With fintech industry gaining traction across the globe at lightning speed, a Qatar Financial Centre (QFC)-membered working group has unveiled a seven-point global policy agenda, which includes enhanced cybersecurity, sovereign support and greater co-operation between banks and fintechs.
The draft recommendations were disclosed by the QFC Authority chief executive Yousuf Mohamed al-Jaida, who is one of the members of the working group of the World Alliance of International Financial Centers (WAIFC) to suggest ways to mitigate the impact of the pandemic. The detailed report is being finalised.
The WAIFC members issued a joint declaration in May 2020, exhibiting their collective commitment to seeking ways to mitigate the outcomes of the pandemic and formed joint international working groups to study the impact of the pandemic.
The four working groups comprise experts from WAIFC members to look into the areas of national economies, including sustainable finance; small and medium enterprises finance; and regulations and fintech innovation; for suggesting measures to ignite a lasting and resilient global economic recovery.
Stressing on the need for regulations embracing digital transformation and sector wide cybersecurity; al-Jaida told a panel session at the WAIFC annual general meeting that the countries globally should fast establish a legal framework facilitating digitalisation of financial services.
This suggestion comes in the wake of the need for the global regulations to stay ahead of the curve through robust framework, which includes according top priority for cybersecurity.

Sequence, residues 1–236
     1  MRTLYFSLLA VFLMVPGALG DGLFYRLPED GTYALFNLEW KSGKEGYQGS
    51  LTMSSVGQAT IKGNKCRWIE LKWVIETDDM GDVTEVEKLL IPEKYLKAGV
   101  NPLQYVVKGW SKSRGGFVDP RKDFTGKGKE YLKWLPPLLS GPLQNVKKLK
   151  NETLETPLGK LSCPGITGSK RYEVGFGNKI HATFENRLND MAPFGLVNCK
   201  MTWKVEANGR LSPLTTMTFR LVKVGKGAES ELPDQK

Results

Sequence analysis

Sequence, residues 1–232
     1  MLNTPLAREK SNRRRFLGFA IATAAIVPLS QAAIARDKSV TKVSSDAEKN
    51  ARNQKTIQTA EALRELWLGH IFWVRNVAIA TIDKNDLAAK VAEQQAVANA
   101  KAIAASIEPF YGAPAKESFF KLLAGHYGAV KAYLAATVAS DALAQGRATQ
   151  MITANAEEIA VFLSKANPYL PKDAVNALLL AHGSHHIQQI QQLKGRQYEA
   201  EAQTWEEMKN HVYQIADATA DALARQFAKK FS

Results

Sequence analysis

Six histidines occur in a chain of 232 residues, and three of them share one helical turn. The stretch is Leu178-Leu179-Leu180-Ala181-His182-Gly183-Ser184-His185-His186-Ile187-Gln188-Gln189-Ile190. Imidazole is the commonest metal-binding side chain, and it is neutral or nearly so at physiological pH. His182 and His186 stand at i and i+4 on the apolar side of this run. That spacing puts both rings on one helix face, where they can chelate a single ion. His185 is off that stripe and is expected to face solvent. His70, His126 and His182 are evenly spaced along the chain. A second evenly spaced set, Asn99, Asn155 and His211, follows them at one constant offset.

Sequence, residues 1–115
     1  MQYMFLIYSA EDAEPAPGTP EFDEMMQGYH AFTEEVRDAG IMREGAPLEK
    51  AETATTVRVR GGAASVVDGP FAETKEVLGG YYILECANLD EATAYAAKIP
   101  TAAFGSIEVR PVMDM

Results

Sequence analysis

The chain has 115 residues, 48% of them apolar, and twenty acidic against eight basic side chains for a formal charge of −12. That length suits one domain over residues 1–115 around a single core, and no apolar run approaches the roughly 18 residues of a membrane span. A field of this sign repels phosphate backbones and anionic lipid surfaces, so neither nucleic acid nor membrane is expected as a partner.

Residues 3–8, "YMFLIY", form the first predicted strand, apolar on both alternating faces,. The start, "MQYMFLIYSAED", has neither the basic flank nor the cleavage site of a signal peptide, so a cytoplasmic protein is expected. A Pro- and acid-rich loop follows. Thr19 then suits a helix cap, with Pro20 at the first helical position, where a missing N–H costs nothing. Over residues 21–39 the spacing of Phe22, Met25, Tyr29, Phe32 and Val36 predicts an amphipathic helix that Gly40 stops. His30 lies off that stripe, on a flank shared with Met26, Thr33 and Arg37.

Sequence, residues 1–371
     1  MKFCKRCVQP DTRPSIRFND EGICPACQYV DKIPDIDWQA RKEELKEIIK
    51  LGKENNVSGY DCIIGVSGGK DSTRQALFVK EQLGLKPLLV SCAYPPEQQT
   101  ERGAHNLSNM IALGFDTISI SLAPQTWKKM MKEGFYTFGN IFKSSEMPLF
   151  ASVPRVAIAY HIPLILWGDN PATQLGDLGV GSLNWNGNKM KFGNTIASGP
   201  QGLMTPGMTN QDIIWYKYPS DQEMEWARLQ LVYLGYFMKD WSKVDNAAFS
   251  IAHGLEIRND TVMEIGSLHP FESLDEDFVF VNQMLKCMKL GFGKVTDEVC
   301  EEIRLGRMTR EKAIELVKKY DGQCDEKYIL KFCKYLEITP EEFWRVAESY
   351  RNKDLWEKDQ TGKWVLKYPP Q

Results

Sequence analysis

The QFC official highlighted that one of the main challenges ahead for the fintechs are navigating the difficult investment environment. On the issue of liquidity crisis for the fintech companies, it was suggested to expand the spectrum of funding opportunities.
"Governments should support short-term financial needs of existing fintech start-ups," he said, quoting the draft agenda. This move comes in the wake of limited access to funding for some early-stage ventures.
Highlighting that fintech subsectors are gaining momentum across the world, he said payments and remittance as well as e-commerce are getting a boost; digital and open banking is on the rise; Regtech is being taken as the best business continuity decision and the appetite for crypto-currencies is growing.
On the fintech policy recommendations, the draft agenda recommended enhancing collaboration between traditional banks and fintechs to seize the growth opportunities.
"The reduced competition among traditional incumbents and fintechs is a key to overcoming the challenges faced by the financial industry," al-Jaida said.
The WAIFC policy recommendations suggested building a "solid" digital infrastructure to facilitate financial inclusion.
"To tap the high potential of financial innovation in the post Covid-19 era, a solid IT infrastructure is crucial for a more inclusive economic recovery," he said.
On the need for developing global partnerships and linkages for the knowledge transfer; the report said it has become an ever more important component in the economic recovery.
The WAIFC draft recommendations also suggested connecting global digital identity solutions.
"Strong, trustworthy digital identities promote safety – both from a physical, perspective, by allowing people to stay apart from each other, and from a digital perspective, by facilitating user identification," it said.
Stressing that the development of digital financial literacy skills is pivotal, the WAIFC recommendations said digital financial literacy is set to become an increasingly important aspect of education for the digital age of tomorrow.